During the Apple keynote two weeks ago, music icons U2 performed some of their music from their new album, Songs of Innocence, as a part of the show. It was also announced that Apple would be giving the entire album away for free to every iTunes user. Think about how many potential users that is; pretty cool, right?
What hadn’t exactly been explained was the fact that this album would actually be automatically pushed to your iTunes account through the cloud by Apple, without you having to do a thing (if you have automatic downloads turned on). If you haven’t checked out the contents of your iTunes music library in a little while, go into your device, open the app, and check the Albums tab for “Songs of Innocence”. Surprise!
While it’s nothing new that Apple can push things to your devices (software updates for example), there’s been a fair amount of backlash over this little gift, so much so that Apple has actually released a tool for removing the album from your iTunes. This is what the page looks like!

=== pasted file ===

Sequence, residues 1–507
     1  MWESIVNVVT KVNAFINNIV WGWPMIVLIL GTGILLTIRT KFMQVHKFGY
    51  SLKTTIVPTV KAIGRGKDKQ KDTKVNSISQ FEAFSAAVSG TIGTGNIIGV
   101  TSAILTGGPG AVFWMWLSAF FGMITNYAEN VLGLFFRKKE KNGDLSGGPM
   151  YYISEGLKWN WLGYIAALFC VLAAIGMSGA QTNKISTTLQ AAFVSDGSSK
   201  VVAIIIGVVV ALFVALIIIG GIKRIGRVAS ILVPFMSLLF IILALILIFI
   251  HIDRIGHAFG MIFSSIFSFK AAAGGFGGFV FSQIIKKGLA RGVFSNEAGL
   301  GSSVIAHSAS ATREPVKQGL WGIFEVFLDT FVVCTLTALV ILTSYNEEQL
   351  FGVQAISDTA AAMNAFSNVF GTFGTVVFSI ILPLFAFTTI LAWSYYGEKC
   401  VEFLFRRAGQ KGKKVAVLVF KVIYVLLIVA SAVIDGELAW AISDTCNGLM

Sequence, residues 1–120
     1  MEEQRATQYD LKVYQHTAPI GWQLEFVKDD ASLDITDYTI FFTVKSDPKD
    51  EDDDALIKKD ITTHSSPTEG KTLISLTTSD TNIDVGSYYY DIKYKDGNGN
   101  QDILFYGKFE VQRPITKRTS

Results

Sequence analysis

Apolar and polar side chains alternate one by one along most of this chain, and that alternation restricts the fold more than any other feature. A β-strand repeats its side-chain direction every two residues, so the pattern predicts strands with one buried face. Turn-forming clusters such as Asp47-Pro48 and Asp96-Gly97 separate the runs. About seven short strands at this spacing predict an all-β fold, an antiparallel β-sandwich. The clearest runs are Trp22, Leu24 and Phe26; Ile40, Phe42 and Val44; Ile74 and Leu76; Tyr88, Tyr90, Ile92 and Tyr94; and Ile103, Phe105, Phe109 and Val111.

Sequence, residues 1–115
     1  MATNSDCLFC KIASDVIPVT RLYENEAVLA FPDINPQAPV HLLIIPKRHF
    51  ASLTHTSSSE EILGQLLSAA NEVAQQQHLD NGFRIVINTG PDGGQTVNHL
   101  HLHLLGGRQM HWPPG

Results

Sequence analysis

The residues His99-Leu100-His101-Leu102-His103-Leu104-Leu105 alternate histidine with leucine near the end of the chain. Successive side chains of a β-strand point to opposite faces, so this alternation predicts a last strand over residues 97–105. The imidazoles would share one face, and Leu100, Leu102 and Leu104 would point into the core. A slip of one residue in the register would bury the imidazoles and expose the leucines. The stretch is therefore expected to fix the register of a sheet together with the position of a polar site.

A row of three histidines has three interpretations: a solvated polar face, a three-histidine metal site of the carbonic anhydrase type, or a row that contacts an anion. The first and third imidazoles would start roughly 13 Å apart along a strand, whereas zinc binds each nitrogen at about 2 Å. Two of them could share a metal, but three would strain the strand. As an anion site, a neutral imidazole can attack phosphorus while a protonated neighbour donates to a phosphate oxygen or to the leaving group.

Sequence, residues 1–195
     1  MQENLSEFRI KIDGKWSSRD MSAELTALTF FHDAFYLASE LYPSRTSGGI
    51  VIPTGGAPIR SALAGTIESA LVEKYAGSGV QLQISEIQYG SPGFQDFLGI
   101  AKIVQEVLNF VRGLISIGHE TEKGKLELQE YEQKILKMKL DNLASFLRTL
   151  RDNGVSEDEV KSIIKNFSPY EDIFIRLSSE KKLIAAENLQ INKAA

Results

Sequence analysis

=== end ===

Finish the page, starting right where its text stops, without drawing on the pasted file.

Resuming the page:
If you’d like to see this album removed from your account, you can access the removal tool here. You have until October 13th to go and get it for free again via iTunes if you have a change of heart, otherwise you’ll have to purchase it.
Speaking of automatic downloads, have you updated your mobile device to the latest version of the operating software? iOS 8 is available for download! Be sure to backup your device in iTunes first, just in case the install doesn’t go so smoothly. If you need any help updating your device to the latest OS, feel free to stop by the library!
Poll time! What are your thoughts on the free album?
Last week we told you about Apple’s unveiling of their two brand new iPhones, the 4.7″ iPhone 6 and the 5.5″ iPhone 6 Plus. The iPhone 6 Plus is even bigger than the 5.1″ Samsung Galaxy S5. So why on earth on smartphones getting so BIG?